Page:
Posted: December 14th, 2022
You have been an infant/toddler teacher for the past 20 years, and you have noticed a big change — very young children are being exposed to the use of smartphones and tablets. You understand that while children do learn from media and touchscreens, it is easier for young children to learn from engaging, hands-on experiences.
At drop-off this morning, a parent enters your infant classroom holding their cell phone up to 3-month-old’s face so that he can watch a cartoon video. They mention this is the only effective way to calm the otherwise fussy baby when they hand the baby over to you and leaves for work each morning. You understand that it takes babies a lot of effort to watch screens and you have noticed that watching the screen on their cell phone makes the baby very tired. Since the baby is not yet old enough to turn their head away for a rest, you notice that baby becomes instantly distressed.
As the parent takes off the baby’s coat and hangs it in their cubby, you notice that the parent props up their cell phone so that the baby can continue to watch the cartoon videos on the screen. Suddenly, you notice a scary image appears across the screen during an advertisement. The imagery includes a monster and horrible faces, and you know that scary visual images can stay in a young child’s mind for a long time. This kind of imagery can pop up no matter what else is going on in the cartoon video or how lovable the characters are. Babies can be scared when a normal-looking character transforms into a frightening one, particularly if they see the character changing. Scary images or scenes can upset babies.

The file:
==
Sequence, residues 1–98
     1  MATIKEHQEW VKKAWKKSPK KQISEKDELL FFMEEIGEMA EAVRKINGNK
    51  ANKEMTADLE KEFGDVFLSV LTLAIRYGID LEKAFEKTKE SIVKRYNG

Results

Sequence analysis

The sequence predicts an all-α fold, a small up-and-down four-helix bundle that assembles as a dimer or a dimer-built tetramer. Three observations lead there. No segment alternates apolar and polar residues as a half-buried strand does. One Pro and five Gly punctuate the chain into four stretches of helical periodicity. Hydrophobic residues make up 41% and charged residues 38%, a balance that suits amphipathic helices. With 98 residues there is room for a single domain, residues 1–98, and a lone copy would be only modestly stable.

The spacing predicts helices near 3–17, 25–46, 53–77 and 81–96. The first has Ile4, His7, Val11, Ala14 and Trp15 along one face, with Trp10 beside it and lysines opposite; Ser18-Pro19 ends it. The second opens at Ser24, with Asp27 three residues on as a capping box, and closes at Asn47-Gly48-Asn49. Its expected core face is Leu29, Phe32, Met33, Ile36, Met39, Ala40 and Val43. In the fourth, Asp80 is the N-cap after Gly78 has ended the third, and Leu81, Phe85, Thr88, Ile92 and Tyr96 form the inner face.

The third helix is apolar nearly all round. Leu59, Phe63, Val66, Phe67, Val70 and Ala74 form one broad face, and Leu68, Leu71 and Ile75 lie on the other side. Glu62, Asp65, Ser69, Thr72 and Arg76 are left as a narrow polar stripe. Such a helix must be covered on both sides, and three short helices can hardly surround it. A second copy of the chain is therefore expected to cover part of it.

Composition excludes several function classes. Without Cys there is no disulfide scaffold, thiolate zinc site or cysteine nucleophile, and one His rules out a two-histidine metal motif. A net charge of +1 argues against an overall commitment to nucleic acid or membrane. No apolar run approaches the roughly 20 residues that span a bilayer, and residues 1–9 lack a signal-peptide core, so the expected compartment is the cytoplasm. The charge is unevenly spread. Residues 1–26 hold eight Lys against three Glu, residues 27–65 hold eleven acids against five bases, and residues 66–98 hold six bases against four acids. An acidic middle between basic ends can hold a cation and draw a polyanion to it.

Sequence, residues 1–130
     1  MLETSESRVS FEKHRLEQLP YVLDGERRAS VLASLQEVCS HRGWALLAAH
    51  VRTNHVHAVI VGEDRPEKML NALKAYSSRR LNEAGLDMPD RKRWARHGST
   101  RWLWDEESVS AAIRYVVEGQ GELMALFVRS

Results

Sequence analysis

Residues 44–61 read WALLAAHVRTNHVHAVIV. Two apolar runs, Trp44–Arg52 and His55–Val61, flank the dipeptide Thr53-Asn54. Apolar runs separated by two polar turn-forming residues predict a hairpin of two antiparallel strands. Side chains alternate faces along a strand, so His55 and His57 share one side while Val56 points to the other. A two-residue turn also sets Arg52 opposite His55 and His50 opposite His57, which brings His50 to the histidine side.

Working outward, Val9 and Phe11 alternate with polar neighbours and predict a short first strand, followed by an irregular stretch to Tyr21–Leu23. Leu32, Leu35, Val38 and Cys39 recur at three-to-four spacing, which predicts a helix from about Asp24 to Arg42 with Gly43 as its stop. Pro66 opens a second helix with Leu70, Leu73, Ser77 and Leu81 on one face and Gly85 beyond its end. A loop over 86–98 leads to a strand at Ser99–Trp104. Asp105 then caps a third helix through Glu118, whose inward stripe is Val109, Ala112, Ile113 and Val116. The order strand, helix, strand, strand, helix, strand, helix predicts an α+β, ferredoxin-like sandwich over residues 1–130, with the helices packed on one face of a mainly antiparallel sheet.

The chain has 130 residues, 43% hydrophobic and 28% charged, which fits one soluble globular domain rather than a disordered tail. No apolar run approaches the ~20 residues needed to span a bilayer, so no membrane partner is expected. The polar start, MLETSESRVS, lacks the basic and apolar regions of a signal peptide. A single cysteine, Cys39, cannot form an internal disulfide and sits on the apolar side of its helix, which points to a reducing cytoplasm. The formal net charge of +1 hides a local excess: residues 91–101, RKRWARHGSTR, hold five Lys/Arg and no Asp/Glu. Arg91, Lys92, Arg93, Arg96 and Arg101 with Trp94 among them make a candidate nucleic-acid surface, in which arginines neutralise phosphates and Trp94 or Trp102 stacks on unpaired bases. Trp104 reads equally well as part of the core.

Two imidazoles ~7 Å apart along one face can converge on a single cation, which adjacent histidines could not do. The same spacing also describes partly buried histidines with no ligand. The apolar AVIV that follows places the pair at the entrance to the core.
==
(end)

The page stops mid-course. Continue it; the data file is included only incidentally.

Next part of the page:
You have decided to plan a one-on-one parent-teacher conference with this parent to encourage them to avoid passive screen time as much as possible and consider engaging and interacting with their baby when incorporating technology throughout the day. For example, joining in by dancing and pointing to lyrics as the baby moves along to a dance video, or interacting with the baby while reading an eBook by asking questions, discussing pictures, etc.
In preparation for this meeting, you are going to write a 3-4 page reflection in APA format to gather your thoughts in one place regarding the ethical concerns discussed in the scenario.
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